A Busy Evening: BHA Social and Brooklyn Bounty

Your correspondent left work early to attend the BHA Social networking happy hour at the Custom House. There was a lively gathering there, graciously hosted by BHA board member Patrick Killackey (second from left in photo) and BHA President Alexandra Bowie. More photos and text after the jump.

I had several interesting conversations with others at the BHA event, including a librarian from the Brooklyn Heights Branch, a South African emigre who has lived in the Heights for some years and is an enthusiastic BHB reader, and a newcomer to the Heights from North Carolina. Afterward, I headed around the block to the Brooklyn Historical Society for Brooklyn Bounty.

When I arrived, there was already a considerable crowd at the event. Above is the scene at the entrance.

The first familiar face I saw was that of Brooklyn Bridge Park President Regina Myer.

I managed to get this rather blurry shot of Mayor Bloomberg as he made his way through the crowd and one of his bodyguards gave me the evil eye. Update: one of my colleagues had this comment: “Bodyguards are paid by the glower.”

Since this is the Historical Society’s 150th anniversary, some staffers (though not the one on the right) were dressed in 1860s costume.

On the way into the main hall, I couldn’t resist one of Allswell’s (124 Bedford Avenue) French dip sandwiches. Zagat has declared the French dip the official sandwich of California. It was delicious, anyway.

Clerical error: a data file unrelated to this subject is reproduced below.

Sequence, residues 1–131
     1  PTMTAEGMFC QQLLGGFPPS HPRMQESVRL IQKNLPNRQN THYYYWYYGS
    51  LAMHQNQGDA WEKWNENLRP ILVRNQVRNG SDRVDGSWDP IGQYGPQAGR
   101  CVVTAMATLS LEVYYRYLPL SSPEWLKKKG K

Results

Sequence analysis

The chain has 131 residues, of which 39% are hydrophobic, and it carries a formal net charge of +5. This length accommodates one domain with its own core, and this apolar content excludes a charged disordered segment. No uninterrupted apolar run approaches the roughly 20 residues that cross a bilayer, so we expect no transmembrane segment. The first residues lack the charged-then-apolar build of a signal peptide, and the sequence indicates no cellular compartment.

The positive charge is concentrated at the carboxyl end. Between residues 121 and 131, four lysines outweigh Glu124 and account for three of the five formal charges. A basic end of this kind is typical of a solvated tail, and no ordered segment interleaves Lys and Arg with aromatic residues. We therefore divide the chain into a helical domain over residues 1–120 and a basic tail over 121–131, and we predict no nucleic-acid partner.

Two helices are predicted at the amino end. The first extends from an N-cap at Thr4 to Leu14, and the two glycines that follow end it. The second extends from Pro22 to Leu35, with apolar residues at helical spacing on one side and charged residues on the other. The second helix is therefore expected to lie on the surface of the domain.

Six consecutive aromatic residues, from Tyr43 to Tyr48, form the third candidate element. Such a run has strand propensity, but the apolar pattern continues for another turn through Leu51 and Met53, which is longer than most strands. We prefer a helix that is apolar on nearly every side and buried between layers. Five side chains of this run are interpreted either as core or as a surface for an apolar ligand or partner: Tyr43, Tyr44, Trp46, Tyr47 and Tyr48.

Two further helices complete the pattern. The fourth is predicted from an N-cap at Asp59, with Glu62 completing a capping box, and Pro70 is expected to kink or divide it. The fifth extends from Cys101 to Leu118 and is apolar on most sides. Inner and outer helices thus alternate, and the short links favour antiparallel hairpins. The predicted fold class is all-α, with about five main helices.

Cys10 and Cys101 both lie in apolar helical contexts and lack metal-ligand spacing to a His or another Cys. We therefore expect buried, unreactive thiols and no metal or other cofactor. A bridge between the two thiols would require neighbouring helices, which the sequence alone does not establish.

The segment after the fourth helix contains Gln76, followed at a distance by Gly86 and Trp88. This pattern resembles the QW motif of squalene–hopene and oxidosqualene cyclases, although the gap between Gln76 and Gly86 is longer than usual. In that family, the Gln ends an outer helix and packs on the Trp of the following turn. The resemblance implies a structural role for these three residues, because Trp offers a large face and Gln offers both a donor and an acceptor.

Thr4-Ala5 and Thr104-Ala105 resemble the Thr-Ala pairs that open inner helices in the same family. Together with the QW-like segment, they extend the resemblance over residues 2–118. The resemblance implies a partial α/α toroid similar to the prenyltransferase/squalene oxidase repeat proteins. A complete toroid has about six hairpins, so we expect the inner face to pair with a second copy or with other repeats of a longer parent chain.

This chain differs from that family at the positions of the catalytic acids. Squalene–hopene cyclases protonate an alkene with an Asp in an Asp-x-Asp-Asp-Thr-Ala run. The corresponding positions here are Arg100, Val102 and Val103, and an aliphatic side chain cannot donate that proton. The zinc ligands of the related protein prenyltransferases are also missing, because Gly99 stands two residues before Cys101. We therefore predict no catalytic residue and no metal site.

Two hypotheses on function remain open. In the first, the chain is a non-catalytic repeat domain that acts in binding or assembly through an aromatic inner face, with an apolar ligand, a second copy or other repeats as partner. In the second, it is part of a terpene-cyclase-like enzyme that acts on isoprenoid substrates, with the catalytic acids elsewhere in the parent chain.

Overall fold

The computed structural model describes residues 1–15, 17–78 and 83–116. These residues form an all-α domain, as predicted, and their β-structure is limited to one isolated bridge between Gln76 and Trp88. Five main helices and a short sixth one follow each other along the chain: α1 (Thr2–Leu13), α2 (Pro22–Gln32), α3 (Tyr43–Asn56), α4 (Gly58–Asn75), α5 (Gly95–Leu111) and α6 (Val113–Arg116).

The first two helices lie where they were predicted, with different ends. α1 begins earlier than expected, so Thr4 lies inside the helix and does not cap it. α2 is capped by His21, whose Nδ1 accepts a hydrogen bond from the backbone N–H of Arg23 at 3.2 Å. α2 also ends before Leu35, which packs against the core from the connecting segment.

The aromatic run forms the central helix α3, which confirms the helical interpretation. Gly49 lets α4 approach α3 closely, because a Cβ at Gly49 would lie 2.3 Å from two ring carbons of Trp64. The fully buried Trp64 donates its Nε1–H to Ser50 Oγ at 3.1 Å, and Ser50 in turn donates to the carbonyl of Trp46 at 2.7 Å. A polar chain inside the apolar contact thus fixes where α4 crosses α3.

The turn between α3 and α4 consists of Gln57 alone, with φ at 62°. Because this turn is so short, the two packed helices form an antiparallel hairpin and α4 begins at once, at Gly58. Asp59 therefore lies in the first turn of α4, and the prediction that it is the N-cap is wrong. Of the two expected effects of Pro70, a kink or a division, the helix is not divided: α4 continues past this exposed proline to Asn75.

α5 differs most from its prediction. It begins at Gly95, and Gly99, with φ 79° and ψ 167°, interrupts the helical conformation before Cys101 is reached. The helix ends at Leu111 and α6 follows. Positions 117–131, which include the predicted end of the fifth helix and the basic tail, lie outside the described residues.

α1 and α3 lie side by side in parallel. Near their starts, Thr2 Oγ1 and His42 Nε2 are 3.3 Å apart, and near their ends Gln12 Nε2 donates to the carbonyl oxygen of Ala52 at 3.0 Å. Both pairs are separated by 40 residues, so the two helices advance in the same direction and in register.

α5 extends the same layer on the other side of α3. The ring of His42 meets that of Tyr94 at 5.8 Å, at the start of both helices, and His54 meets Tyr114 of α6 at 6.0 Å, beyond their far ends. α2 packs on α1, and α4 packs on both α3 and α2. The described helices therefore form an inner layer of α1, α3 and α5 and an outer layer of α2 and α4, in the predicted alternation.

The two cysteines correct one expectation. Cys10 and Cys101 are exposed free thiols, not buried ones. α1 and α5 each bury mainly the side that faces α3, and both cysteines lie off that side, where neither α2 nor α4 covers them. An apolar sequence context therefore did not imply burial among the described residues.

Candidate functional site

I then made my way across the room to where these two delightful women were serving goodies from Brooklyn Heights’ and Willowtown’s own Iris Cafe. Their offerings were…

…chicken liver pate with fig compote and American prosciutto, and…

…peanut butter cake with concord grape glaze. Both were excellent.

This was the first event to be held in the Society’s newly (someone told me painters had been working just hours before this event) renovated Great Hall. Festive decorations largely obscured the ceiling, but note the ornate, gilded column capital (a relic of the old days) behind the portholed(?) wall.

Among those enjoying the festivities were Brooklyn Heights preservation pioneers Otis and Nancy Pearsall.

Your correspondent topped off the evening with a Brooklyn Fizz Signature Cocktail, made with NY Distilling Company’s gin. (Why do they give their address as “405 Leonard St, New York, NY 11211″ when Leonard Street is clearly in Brooklyn?) Anyway, it was a fine finish to a delightful evening.

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  • What Gives?

    I always have to laugh when I see the BHS Board’s frequent festivities in this beautiful, historic BHS building. It is literally the only time you see anyone in the BHS building. At any other time you could shoot a cannon across the floors of BHS, and you wouldn’t hit anyone. Is this a museum – – or a mausoleum? What gives?